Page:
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Dave Wood column: Taking wheat to the Pickwick Mill

My great grandad's diaries continue to be a wonder. The sorts of hardships pioneers faced are unbelievable to me. One that sticks in my mind is an early entry in which he writes that he has returned from a 100-mile roundtrip journey into Minnesota so he could get his wheat ground into flour. He writes that the journey took five days and he stayed overnight at the hotel in the town where his flour was ground.

I no longer have old Dave Wood's diaries because they now reside at the Davies Library at UW-Eau Claire, a repository for the Wisconsin Historical Society. A few weeks ago, we were at loose ends and I asked the B.W. If she'd like to take a trip into the wilds of Minnesota to check out the mill where Dave had to travel to market his wheat.

"Where would that be?" she asked.

I'm not sure but I think it was a town called Hokah, hard by Winona.

And so off we took for Hokah. The Minnesota guides told us Hokah had a flour mill back in the mid-19th century. We arrived at Hokah. No flour mill. So we tried Rushford. No flour mill. So we tried a bevy of little towns that once were flourishing, but now are much smaller. Finally, we gave up. Well, I gave up. But not Beautiful Wife.

She was determined to find the spot. And so after a day and a half of search, the town where grandad traveled so many times dawned on me.


The trip took us 15 minutes from Winona. There's not much left of Pickwick. The hotel where he stayed is long gone, but little Lake LaBelle is there and so is the Pickwick Mill. And, by gum, it was open on that beautiful Sunday. It stands six stories tall, because gravity was its major mover in the day. The docent saw my cane and said that he wouldn't charge me because I probably couldn't climb to its top. Ruth dropped in a five-spot and bounded up the stairs.

And the docent, a retired Pickwick farmer, gave me the straight dope on the mill. In its day, the grist mill ground 150 barrels of flour per day, powered only by a tiny millrace that siphons water off Lake LaBelle. The six-story structure is made of stone, with no need for mortar, as the sheer weight of the building keeps it upright. The mill is stuffed with old timey equipment, and the old account books are still in place. I looked for Dave Wood's name but there wasn't time for a thorough search. The docent old me that farmers would come from 200 miles away in Wisconsin, Iowa, and points west to get their flour ground.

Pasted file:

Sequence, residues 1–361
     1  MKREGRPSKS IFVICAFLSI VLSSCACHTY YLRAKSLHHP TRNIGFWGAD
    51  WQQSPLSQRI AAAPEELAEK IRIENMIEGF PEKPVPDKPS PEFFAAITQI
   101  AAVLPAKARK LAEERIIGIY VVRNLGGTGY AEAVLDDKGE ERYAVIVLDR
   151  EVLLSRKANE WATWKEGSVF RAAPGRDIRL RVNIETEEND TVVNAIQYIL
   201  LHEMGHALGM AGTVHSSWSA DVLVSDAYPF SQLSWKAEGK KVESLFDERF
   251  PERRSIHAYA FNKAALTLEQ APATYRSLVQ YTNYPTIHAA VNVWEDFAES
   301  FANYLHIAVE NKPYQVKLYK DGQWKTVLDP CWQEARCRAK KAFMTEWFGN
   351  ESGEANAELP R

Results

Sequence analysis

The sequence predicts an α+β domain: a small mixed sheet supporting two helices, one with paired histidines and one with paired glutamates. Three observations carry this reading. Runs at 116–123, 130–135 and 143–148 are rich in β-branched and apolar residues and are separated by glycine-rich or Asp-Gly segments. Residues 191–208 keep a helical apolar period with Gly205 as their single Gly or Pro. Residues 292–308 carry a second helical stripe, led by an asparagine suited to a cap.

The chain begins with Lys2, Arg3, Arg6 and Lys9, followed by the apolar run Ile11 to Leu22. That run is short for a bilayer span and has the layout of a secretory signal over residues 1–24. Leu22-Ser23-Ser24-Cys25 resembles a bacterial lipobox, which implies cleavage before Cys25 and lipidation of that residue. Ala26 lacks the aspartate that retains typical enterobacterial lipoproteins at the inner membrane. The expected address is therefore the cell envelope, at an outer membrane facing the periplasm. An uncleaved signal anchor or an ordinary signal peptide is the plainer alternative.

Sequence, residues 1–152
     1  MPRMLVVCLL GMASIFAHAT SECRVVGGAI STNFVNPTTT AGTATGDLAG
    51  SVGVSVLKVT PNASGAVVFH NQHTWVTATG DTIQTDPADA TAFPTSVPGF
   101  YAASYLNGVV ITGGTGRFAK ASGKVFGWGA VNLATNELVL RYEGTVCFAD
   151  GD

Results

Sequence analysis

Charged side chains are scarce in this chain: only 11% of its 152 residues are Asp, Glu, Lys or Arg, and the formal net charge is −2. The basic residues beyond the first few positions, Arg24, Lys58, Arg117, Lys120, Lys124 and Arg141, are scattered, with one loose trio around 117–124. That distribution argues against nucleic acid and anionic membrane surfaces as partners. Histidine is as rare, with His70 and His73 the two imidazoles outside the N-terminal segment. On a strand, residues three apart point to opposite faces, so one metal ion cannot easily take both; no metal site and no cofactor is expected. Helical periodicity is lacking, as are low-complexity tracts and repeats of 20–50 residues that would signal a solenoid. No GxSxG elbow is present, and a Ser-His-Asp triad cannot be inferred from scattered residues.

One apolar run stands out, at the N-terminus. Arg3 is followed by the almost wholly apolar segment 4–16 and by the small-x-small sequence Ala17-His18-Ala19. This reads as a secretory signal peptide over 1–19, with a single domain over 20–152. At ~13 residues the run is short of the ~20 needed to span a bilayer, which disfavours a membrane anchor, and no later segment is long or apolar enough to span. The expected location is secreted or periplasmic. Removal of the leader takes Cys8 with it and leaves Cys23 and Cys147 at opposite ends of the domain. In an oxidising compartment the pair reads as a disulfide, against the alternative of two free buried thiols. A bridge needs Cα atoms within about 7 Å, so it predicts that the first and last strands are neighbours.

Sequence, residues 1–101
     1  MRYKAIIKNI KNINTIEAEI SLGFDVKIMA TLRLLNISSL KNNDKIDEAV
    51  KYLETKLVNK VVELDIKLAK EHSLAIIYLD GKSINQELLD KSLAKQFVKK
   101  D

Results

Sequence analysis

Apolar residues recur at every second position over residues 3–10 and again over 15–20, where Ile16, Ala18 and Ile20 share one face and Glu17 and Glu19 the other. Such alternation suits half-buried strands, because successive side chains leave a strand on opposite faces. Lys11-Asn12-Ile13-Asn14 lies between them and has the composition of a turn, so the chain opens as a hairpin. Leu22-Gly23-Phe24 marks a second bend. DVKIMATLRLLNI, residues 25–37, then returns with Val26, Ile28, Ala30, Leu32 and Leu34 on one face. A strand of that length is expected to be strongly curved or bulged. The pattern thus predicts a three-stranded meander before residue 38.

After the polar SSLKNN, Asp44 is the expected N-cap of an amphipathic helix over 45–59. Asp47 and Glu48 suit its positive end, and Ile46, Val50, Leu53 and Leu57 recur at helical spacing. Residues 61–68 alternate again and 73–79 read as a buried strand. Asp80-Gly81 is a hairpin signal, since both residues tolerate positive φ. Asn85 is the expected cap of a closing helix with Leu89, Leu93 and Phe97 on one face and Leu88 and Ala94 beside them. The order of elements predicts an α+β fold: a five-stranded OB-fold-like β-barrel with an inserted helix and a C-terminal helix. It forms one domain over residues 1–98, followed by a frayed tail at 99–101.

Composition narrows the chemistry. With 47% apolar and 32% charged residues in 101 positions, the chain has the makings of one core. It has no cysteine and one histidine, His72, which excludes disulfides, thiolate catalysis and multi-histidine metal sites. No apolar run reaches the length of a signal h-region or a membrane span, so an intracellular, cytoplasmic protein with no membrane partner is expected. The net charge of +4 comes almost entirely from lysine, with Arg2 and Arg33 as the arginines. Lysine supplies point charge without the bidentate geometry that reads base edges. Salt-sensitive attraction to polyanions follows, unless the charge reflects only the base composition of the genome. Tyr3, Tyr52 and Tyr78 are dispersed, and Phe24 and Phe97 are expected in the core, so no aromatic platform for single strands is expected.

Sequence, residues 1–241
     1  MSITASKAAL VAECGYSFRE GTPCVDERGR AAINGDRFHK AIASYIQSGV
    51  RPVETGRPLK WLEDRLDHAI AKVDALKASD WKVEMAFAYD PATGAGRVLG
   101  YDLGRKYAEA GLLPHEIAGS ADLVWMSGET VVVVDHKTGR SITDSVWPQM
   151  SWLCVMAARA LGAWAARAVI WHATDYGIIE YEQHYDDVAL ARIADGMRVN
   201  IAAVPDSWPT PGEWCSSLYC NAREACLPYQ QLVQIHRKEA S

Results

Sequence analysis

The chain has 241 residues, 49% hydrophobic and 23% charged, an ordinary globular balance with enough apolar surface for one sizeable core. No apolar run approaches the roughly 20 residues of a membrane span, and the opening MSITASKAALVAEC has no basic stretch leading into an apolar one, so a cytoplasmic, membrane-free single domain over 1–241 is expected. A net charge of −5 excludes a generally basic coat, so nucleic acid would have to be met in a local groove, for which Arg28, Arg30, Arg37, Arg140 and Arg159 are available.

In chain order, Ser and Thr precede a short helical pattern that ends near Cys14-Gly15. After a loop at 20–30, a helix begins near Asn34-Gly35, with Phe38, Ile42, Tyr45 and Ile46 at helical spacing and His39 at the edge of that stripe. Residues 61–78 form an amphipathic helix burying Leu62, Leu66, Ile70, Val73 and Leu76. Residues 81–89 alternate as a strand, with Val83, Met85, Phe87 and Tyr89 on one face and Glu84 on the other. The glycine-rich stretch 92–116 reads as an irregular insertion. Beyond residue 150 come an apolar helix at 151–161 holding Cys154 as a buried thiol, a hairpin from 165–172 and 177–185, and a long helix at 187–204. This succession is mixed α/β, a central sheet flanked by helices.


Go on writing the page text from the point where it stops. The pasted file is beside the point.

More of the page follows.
The millstones still work and in the old days produced a flour as fine as talcum powder.

How did Pickwick get its name?

"Well," said the docent, "the owner's wife was from out east and she was a reader. While the mill was being built, she read a book called "Pickwick Papers" and convinced her husband to name the town after the book."

The docent was full of information. Before I knew it, we were talking about the good old days, when we both worked on threshing runs. "God but that was fun. When the run was over the crew would get together for a keg of beer. And the food, was that something!

"One farmer we threshed for was also the local buttermaker. His poor wife didn't have to worry about making coffee for the crew. Her husband would take a 10-gallon cream can to the creamery. Mix up some coffee and raw eggs, dump it into the can filled with water, then submerge a steam hose into the can and cook it that way! Best damned coffee I ever drank."

On the way home, we talked about my ancestor and that long harrowing horse drawn trip on a road that didn't exist. But he probably didn't think much of it. He didn't have to drive 200 miles and get in line with dozens of other wagons lined up so the teamster's kids could have bread on the table. And, unlike his descendents, he knew where he was going!

The Pickwick Mill is open May through October, 10 a.m. to 5 p.m, Tuesday through Saturday and 11 a.m. to 5 p.m. on Sundays. Two miles off highways 14 and 61 on County

Road 7. Phone 507-457-0499.